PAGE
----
Anatomy of a Criminal Case (Part A)

Pretrial

Arrest: This is where it all begins.  If the police officer feels like they have probable cause (that a crime was committed and you were the person that committed it), they can arrest you.  Remember, if you’re being accused of committing a misdemeanor, the police officer can simply give you a PTA (promise to appear) and not physically arrest you.

First Appearance/Bond Hearing: Sometimes, depending on what you’re arrested for you will have no choice but to wait to see a judge within 24 hours of  your arrest (typically the next morning).  Some charges, such as Domestic Violence, have mandatory holds so that the Judge can advise you of conditions of pretrial release.  For other crimes you may be able to simply post the standard bond at the jail either by paying it in full or by using the services of a bail bondsman immediately after you appear in corrections’ system at the jail.

Arraignment: An arraignment is usually the first official hearing in court that you attend after being arrested. This is where the judge formally addresses the charges against you, and asks you for your plea to the charges (either guilty, not guilty or no contest).

Information or Indictment: Should the State Attorney’s Office decide to formally charge you with a crime, they will usually file what’s known as an information or indictment (less common).  For criminal traffic offenses such as DUI and Reckless Driving, you can also be charged by citation.

Discovery: During discovery, both you and the prosecutor are able to look at the evidence and facts that will be presented during trial. During this time, you can view the arrest form, and other supplemental reports, forms and offense incident reports in addition to other evidence before the prosecutor brings it up at trial.

Pretrial motions: This is where the boundaries for the trial are set. The judge decides what evidence the prosecutor can or cannot use.  If the evidence, or lack thereof, allows you can even move to have the case dismissed because the prosecutor cannot make out a case.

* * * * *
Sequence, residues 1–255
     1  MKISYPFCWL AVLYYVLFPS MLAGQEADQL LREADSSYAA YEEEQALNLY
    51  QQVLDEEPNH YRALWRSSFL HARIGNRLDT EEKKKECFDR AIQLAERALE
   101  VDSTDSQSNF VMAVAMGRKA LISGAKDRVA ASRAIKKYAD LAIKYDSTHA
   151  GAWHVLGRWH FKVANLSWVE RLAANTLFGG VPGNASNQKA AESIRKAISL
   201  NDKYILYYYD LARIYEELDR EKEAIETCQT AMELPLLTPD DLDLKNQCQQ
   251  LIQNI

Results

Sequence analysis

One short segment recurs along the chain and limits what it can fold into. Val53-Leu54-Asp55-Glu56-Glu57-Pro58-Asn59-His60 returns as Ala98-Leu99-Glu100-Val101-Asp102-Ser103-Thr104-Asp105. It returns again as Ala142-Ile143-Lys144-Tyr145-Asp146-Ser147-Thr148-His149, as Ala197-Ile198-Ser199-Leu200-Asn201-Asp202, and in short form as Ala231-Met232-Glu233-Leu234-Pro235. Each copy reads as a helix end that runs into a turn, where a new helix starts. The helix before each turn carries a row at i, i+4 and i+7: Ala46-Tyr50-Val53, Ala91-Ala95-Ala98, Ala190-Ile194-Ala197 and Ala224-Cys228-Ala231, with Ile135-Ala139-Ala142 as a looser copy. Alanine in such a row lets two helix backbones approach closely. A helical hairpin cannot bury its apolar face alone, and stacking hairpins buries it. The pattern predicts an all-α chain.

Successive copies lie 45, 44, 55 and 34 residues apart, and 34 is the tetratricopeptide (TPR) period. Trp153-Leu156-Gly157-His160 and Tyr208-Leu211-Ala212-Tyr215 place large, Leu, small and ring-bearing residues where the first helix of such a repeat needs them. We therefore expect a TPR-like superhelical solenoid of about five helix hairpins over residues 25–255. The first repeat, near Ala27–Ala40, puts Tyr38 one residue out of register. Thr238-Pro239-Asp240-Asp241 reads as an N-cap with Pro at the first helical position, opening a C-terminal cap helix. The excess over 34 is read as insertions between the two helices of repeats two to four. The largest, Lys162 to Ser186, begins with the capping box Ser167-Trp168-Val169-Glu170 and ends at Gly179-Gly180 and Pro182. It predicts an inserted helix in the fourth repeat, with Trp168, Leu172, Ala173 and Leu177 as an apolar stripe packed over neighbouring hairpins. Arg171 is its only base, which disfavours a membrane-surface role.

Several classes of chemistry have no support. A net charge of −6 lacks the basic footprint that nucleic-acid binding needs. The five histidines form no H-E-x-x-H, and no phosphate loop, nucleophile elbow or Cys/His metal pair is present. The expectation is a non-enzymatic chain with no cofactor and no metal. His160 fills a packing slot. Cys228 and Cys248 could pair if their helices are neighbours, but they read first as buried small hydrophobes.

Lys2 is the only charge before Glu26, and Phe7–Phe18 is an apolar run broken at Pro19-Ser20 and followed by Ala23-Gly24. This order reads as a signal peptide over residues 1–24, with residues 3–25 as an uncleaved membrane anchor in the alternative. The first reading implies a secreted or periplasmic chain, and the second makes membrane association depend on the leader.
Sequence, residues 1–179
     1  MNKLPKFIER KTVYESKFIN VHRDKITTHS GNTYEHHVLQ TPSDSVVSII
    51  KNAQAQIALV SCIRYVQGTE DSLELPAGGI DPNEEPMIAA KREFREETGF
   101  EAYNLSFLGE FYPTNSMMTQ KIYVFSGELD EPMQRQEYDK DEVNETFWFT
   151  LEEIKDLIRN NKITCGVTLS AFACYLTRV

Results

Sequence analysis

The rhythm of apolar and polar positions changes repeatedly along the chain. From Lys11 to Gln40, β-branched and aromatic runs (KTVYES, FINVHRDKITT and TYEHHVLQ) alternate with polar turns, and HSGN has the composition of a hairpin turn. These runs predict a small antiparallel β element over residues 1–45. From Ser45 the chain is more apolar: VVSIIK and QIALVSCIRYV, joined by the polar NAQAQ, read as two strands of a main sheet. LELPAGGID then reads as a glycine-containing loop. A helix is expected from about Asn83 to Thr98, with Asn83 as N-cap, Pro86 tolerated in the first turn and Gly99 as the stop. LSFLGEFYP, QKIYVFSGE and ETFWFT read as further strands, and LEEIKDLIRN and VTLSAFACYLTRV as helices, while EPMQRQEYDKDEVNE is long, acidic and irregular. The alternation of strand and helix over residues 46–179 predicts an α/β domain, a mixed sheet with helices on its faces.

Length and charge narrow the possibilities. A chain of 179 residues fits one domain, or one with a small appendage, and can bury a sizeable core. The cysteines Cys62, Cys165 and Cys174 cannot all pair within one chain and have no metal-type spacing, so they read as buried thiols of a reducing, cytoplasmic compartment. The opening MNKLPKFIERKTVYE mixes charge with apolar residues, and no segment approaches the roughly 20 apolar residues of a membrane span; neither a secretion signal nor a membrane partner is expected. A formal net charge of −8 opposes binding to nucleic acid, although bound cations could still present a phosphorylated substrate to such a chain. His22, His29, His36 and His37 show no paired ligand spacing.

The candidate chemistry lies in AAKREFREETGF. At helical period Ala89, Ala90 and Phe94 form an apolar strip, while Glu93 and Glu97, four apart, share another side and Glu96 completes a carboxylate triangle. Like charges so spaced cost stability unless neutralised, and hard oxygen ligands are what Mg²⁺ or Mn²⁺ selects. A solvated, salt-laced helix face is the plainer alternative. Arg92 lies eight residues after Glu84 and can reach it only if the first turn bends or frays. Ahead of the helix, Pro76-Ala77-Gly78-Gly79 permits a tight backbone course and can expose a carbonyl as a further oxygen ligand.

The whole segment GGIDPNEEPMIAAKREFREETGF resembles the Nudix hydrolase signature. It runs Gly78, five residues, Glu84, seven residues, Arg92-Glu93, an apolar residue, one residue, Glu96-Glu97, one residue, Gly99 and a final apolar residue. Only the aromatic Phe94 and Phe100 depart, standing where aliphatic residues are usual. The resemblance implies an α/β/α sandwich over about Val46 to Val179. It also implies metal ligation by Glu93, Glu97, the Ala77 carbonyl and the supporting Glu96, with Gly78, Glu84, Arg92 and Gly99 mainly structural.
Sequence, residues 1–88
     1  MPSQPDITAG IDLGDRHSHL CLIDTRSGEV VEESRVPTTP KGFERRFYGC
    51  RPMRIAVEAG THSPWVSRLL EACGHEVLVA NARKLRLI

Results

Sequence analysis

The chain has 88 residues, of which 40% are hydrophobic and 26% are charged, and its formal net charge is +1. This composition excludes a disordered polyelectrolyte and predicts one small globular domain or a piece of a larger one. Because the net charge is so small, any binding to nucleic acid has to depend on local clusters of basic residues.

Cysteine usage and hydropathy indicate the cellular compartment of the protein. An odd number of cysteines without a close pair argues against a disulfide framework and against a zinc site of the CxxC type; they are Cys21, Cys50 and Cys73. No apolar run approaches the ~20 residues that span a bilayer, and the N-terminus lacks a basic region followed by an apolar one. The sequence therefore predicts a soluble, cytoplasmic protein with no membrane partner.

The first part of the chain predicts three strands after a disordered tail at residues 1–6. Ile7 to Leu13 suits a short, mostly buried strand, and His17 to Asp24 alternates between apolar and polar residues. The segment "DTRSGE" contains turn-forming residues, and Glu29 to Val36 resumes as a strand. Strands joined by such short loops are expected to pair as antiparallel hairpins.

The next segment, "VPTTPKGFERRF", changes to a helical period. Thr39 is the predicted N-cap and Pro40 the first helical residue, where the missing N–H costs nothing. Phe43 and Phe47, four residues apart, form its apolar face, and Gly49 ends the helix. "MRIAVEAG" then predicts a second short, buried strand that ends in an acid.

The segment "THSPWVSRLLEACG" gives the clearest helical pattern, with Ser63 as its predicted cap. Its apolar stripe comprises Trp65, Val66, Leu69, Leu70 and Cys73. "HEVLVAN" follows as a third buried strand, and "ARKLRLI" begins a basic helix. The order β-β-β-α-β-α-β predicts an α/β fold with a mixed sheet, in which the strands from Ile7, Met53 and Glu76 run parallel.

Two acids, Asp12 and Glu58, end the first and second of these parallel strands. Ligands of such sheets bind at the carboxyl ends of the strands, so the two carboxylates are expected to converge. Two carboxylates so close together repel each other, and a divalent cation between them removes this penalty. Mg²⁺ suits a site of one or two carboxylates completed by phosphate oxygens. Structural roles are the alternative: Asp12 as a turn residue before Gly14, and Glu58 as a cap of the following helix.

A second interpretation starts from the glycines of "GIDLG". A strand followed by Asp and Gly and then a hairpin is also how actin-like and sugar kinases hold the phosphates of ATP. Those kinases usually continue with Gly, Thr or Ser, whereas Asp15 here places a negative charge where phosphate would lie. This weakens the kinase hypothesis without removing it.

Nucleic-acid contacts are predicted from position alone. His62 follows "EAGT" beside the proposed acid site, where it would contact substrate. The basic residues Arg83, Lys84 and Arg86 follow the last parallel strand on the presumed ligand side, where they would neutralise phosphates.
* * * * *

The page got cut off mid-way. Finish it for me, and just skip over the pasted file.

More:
Trial

Jury Selection: A panel of prospective jurors will be brought into the courtroom to be questioned.  During voir dire (jury selection) the judge, prosecutor and your lawyer will ask the jurors questions to determine whether they can be fair and impartial.  This is a crucial point in the trial as it can determine what the ultimate outcome will be.  While the goal is to find jurors that are fair and impartial, make no mistake about it, the prosecutor is trying to find 6-12 people that will convict and the defense is looking for 6-12 people that will find their client ‘not guilty.’

Opening Statements: Before the evidence is heard by the jury, both your lawyer and the prosecutor will be allowed to give an opening statement. Here, your lawyer and the prosecutor are providing a brief summary to clarify what the evidence will show and what it will prove. It includes both parties describing details and facts regarding the case.

Prosecution‘s case-in-chief: In a criminal case the burden is always with the State.  It’s the prosecutor’s job to convince the jury that you are guilty beyond and to the exclusion of every reasonable doubt.  Your lawyer will get to ask questions of the State’s witnesses during cross examination (i.e. “isn’t it true that it was dark?”… “isn’t it true that you didn’t have your glasses on?”).

Continue to Next Page (Part B)